Mike Schenk, director of marketing at Folk Oil, the operator of PS Food Mart stores, said he has not seen many new CSD products coming down the pike lately. "Innovation has slowed down over the past couple of years," he said. "You do not see the flood of drinks like you did a few years ago. It is pretty tough to introduce a new diet drink and have it perform well."

Chevron ExtraMile executives do see new products hitting the market but the challenge, according to Theresa Webb, beverage category manager, is choosing the right new products to stock in the cooler. "As a buyer, I see a lot of new products," she said. "We have seen a lot of products come and go, but we have to focus on the right products."

The right products obviously depend on consumer demand. However, Webb added that manufacturers need to do their part as well. "We want to be sure we are helping support the brand, not build it for them." A case in point, she said, is Pepsi Max and Coca-Cola Zero. "Their manufacturers have put a lot of focus on them."

Choosing right products is more important than ever in these economically challenging times, said Paul Casadont, Americas merchandising manager at Chevron ExtraMile. "At ExtraMile, we take a good look at market data and our own data. We place products that there is already demand for," he said. "In today's environment, every consumer purchase counts."

He noted that the chain's convenience stores have flex space so franchisees can stock products when there may be a regional or local demand for them.

"We want our customers to come into the store looking for a product and getting excited when they find it," Webb added.

It's not surprising then that ExtraMile puts a high emphasis on its beverage category. "Immediate consumption beverages, which diet carbonated soft drinks are part of, are a destination item for ExtraMile so they are an important part of our business," she explained, and that includes all carbonated soft drinks and immediate consumption beverages.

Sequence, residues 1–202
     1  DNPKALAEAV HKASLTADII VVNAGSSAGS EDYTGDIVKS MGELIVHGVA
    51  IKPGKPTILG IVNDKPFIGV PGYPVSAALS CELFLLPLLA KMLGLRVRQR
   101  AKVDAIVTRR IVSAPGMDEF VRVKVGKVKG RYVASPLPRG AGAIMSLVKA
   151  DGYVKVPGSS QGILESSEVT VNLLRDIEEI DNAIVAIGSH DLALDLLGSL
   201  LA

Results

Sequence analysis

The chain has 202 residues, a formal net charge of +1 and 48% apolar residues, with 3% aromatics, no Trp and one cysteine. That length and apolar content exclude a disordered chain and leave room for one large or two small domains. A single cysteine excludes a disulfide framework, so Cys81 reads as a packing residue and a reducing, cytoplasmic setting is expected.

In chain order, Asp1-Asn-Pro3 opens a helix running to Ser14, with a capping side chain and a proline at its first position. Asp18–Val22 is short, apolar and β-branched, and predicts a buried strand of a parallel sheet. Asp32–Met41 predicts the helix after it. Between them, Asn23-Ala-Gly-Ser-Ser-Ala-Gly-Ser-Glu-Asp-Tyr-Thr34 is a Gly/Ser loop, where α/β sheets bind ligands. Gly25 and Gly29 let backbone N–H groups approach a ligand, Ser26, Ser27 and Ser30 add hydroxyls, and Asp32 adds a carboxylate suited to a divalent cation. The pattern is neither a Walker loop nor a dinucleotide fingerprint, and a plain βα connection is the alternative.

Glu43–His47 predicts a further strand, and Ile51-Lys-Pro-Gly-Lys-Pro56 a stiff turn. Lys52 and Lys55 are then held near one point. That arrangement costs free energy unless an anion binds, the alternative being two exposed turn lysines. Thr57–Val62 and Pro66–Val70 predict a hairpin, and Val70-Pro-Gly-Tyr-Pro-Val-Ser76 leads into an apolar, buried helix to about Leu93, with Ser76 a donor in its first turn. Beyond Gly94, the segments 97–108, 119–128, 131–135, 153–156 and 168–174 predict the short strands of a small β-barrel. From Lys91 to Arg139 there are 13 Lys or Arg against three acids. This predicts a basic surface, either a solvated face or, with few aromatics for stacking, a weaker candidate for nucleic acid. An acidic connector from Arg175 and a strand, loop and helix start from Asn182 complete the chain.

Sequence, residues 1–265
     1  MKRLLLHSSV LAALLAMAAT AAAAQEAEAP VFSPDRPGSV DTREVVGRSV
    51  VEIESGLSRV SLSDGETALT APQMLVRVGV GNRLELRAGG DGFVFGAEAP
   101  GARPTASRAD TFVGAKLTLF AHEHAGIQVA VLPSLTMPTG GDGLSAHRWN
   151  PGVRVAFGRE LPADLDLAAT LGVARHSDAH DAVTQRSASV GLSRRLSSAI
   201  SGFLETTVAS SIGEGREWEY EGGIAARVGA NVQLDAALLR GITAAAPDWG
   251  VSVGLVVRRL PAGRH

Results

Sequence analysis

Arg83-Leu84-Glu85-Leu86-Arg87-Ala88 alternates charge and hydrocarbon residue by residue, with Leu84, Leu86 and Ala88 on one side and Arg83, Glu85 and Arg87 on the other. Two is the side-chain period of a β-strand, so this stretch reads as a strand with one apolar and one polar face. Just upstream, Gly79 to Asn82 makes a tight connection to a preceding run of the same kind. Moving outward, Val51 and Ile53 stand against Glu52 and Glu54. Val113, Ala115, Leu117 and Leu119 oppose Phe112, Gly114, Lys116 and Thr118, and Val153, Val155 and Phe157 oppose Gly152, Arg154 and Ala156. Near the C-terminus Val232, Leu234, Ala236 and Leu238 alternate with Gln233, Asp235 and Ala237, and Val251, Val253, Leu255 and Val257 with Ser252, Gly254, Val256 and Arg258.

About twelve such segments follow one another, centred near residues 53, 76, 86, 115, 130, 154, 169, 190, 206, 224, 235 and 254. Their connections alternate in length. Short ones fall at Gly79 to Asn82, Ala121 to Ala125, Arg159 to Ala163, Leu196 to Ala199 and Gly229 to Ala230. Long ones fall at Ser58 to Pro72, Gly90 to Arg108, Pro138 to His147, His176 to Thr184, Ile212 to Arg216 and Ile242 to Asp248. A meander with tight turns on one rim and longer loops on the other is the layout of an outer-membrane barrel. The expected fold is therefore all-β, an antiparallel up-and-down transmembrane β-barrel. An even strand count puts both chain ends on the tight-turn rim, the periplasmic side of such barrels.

Webb said sales are relatively flat compared to last year, with diet CSDs doing slightly better than their full-sugar counterparts. In contrast, she said, diet energy drinks are doing very well. In terms of size, diet accounts for 25 percent of the CSD inventory. "CSD typically takes up one or one-and-a-half doors and diet typically accounts for 25 percent of that," she said.

But as she pointed out, energy drinks as well as water — which make up part of ExtraMile's HydraZone — are doing relatively better than carbonated soft drinks in general. "Energy drinks overall are a little more than twice the size of CSD in our stores," Webb said. "They have been growing in importance and size for years. It didn't happen overnight, but has been building over time."

PS Food Mart stores have had similar experiences, Schenk said. The diet carbonated soft drink segment has seen a one-point decline a year in share for three years running, he explained, adding that it accounts for 26.7 percent of sales in the CSD category today compared to 29.7 percent in 2007. In terms of inventory, the products make up 29 percent of the facing inventory.

"I think there has been some trade-off with zero-calorie enhanced waters," Schenk said. "That segment may be taking some diet drinkers away."

For comments, please contact Melissa Kress, Associate Editor, at [email protected].

This ad will auto-close in 10 seconds